The grass is a little greener on the south side of Harkness co-op, where Oberlin's first vegetated green roof has been installed.
The project is part of the College's ongoing initiative to green-up campus, and Harkness Hall fit the bill for a green roof, says Nathan Engstrom, coordinator for the Office of Environmental Sustainability.
Harkness was chosen for its accessible rooftop patio, a 400-square-foot area where students regularly converge. The old roof, which was covered in stone pavers, was also leaking and scheduled for replacement. Keeping the patio space usable was a priority, Engstrom says, and the green roof concept was more cost effective than replacing the pavers.
All of the planning took place last summer, and officials put the project was put on a fast track to get the work done and the specimens planted before winter.
By definition, a green roof is covered with substantial vegetation. The Harkness roof is designed in modules with five varieties of sedum plants. Besides its aesthetic appeal, the main benefits are storm water retention, energy savings, sound insulation, and urban cooling. And because vegetation provides protection from ultraviolet radiation and extreme temperature changes, it increases the life expectancy of the roof, says Amy Mead, business development manager for Weston Solutions, the consulting firm that worked on Harkness.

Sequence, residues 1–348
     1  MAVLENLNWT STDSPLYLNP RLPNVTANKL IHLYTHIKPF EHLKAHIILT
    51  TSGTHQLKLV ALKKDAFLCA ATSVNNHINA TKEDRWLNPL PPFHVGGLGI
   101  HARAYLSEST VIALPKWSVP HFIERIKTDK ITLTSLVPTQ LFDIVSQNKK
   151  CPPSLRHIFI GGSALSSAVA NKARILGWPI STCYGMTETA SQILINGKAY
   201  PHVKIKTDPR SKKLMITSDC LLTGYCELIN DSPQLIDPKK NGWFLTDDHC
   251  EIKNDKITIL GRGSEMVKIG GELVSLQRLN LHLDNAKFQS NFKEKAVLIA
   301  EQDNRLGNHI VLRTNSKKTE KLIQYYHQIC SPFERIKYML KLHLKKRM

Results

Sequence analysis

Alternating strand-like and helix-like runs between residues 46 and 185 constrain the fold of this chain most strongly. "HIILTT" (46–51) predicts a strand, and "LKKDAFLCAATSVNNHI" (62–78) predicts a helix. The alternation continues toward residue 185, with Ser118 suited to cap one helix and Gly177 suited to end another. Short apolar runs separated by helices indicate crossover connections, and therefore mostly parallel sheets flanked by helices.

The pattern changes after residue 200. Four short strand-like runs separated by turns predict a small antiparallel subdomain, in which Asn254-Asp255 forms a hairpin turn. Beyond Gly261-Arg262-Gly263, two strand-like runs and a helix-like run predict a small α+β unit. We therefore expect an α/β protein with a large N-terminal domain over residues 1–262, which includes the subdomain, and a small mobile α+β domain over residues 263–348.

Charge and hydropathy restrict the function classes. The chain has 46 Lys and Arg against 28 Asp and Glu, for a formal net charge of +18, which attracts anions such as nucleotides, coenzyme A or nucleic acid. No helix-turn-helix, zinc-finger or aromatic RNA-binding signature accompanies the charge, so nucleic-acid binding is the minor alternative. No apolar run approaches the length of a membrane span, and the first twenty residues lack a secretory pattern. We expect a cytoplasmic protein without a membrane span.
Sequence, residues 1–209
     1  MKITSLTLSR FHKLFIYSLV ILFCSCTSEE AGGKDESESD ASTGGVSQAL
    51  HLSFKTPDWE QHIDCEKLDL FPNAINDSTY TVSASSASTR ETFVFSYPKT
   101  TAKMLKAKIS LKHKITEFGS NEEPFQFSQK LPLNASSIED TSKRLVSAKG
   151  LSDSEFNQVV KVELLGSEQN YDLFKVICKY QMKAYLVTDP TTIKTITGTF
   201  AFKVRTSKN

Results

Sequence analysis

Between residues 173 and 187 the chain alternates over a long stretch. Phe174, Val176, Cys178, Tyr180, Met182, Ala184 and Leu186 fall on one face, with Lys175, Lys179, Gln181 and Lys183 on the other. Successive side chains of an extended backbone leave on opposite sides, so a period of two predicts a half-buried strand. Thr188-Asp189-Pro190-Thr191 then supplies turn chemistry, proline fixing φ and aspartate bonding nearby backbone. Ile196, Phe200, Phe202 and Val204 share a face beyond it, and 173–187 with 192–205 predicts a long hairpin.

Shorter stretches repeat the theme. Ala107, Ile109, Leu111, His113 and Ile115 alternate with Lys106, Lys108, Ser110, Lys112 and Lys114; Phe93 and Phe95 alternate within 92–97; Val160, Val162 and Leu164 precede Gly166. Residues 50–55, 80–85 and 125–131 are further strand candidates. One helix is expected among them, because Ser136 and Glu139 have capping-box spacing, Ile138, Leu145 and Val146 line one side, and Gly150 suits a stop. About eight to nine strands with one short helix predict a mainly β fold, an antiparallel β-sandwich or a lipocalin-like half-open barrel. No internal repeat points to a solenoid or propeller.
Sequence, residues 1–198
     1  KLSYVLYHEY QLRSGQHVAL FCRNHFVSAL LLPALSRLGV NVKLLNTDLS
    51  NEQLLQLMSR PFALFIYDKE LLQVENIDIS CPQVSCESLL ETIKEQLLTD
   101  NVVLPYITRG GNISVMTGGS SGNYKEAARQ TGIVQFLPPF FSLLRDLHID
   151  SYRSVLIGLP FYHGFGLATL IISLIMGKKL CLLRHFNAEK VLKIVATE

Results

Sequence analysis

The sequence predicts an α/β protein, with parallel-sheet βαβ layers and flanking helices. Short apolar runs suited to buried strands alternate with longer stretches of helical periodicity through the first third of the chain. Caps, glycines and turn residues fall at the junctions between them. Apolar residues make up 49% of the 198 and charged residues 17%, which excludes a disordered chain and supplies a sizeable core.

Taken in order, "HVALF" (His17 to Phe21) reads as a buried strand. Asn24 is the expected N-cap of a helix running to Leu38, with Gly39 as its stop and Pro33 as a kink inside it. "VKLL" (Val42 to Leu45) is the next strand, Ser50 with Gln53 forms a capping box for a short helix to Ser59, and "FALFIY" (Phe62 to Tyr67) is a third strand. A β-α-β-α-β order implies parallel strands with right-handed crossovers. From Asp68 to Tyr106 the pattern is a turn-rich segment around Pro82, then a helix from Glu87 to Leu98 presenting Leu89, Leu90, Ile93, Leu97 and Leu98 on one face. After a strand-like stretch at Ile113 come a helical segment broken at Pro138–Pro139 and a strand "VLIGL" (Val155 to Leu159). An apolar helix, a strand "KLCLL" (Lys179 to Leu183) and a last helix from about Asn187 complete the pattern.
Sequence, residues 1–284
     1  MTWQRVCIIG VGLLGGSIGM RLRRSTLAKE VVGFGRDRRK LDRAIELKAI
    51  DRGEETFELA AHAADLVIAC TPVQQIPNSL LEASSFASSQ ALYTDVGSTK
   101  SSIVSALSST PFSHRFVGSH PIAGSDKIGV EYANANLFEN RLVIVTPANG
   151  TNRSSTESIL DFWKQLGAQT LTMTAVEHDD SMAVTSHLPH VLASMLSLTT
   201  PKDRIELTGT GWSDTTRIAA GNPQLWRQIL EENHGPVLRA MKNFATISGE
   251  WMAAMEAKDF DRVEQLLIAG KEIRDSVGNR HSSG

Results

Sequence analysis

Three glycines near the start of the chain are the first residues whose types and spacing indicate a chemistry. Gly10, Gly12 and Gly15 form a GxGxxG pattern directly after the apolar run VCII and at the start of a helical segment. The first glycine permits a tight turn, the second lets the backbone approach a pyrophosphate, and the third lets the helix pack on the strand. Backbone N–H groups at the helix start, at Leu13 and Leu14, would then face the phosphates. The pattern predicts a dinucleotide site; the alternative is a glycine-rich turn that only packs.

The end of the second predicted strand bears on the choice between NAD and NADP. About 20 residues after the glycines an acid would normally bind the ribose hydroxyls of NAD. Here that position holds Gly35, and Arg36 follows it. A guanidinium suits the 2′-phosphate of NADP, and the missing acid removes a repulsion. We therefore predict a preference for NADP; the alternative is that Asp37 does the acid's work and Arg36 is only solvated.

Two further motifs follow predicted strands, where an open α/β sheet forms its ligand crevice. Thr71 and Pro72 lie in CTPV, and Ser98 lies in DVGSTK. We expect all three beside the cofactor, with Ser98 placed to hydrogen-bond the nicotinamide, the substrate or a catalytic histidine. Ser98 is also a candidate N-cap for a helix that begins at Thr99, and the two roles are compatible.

“The biggest advantage of a green roof is the fact that it will retain an enormous amount of storm water,” Mead says. “We see up to 90 percent storm water retention.”
Potential costs savings have not been estimated for the Harkness project, however, general case studies show a 25 to 50 percent reduction in heating and cooling costs for the floor directly below a green roof, according to Weston Solutions. Although the energy savings pan out across the year, the effects are more noticeable in the summer cooling season.
Engstrom says the green roof also serves an educational purpose on campus.
“This project is a starting point to demonstrate the technology of a green roof and to bring awareness of how it functions,” Engstrom says. The current green roof structure is complete, but features such as monitoring tools for storm water and temperature levels could be added in the future, he says.
“This a very new thing, and everyone can take advantage of its educational role by seeing what a green roof can do for storm water management and insulation.”
Engstrom says no other campus buildings are currently targeted for a green roof replacement, but every project is intended to be more environmentally sustainable than conventional alternatives.